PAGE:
MUMBAI: Two years after launching its television ratings service in the country, Audience Measurement and Analytics (AMA) has announced that aMap, which provides data on overnight viewing, has installed 6,000 meters in India.
In addition to the 28 markets already being measured, aMap is now present in three more markets Jammu, Guwahati and Bihar and Jharkhand.
aMap CEO Tapan Pal says, "Currently, ten (broadcast) clients buy our product. We have also launched a fastrack service for our clients. This reports on viewership patterns during a significant event. For instance around 27 million people across India watched the Semi-Finals of the ICC Champions Trophy.
"While these numbers are lesser than what the India matches got, they are considerably higher than the number of people that previously saw neutral matches. I would say that while our price might be higher than the competition (Tam) it is a question of the value one offers. One can slice and dice information in many ways. For instance one can check out what students watch and if o0ne wants to slice further one can see what an a student who speaks English watches versus what a student who speaks Marathi watches. We thus go beyond basic demographics
"Also our service allows broadcasters and advertisers to constantly stay in touch with the consumer. The resistance from certain quarters to another ratings product will I am sure come down. Already there are another 50 channels who are keen on using us."
Pal notes that often there are differences in the ratings that aMap throws up versus what Tam shows. For instance the time spent on the niche channels like HBO, Star Movies is higher in aMap's analysis than what Tam data shows.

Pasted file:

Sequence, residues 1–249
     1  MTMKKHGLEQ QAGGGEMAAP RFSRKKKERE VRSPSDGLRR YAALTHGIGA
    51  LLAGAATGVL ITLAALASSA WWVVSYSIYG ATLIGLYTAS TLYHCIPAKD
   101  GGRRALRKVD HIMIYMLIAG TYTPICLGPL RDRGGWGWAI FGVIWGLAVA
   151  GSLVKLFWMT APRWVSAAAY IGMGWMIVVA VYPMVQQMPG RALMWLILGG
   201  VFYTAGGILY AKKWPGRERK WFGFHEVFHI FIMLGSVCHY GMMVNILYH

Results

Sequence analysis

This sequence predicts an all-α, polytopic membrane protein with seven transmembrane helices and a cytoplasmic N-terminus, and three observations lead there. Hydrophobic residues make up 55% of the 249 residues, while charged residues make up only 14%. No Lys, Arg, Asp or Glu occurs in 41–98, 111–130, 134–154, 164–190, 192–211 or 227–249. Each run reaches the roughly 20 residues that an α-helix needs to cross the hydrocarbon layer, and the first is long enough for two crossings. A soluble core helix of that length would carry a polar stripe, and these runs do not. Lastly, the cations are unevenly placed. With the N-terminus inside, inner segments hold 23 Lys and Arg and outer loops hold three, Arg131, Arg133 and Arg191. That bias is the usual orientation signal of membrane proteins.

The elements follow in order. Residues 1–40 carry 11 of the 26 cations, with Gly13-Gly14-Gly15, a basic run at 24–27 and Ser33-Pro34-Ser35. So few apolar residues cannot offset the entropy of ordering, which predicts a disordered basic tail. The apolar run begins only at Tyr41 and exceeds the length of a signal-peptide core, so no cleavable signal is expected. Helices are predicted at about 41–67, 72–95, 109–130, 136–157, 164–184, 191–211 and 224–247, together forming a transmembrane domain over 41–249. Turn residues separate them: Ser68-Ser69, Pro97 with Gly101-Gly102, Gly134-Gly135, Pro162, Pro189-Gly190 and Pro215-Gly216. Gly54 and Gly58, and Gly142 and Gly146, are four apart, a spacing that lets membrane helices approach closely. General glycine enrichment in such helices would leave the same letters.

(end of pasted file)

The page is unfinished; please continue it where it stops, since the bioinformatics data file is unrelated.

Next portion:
One show that delivered hugely divergent ratings on aMap and Tam was the Sa Re Ga Ma Pa L'il Champs finale live event which aired on 28 October. Tam data indicates that L'il Champs delivered for Subhash Chandra's flagship channel Zee TV a whopping 11.1 TVR, rocketing it to the top of the charts for that week. On the other hand, the aMap rating for the show was just 4.7 without the ad break and 4.1 with the ad break included. The data was generated for C&S 4+ for north, west and east. "We are confident about our numbers," asserts Pal.
Confident he may be, but such disparities only make the already increasingly complicated job of media consumption analysis that much more difficult.
aMap director Francis Howard said, “We are committed to the Industry in continuing with the most robust and sophisticated system that addresses the needs of the changing mediascape. We are now present all over India. Introduction of the three new markets of Jammu, Guwahati and Bihar and Jharkhand will give path-breaking insights into hitherto unreported markets. aMap ensures that it is large enough to capture the smallest nuances of the market.”
"We proceeded in a deliberate manner in adding peoplemeters given the fact that the distribution landscape is changing. Ideally one would want 20,000 meters in three years. We also have plans in radio which we hope to surprise the industry with," he asserts.
Of course there is the question of how agencies related to WPP, which co-owns AGB Nielsen Media Research, the parent company of Tam Media, will respond to aMap's product. aMap MD Raviratan Arora says that while it faces an uphill task in this area, he is confident that firms will accept a product that offers more targeted results. The idea that a monopoly is good in the ratings services industry is a fallacy, Arora argues. After all innovation will not happen unless there is competition, he points out.
He still has to convince the industry on that score though.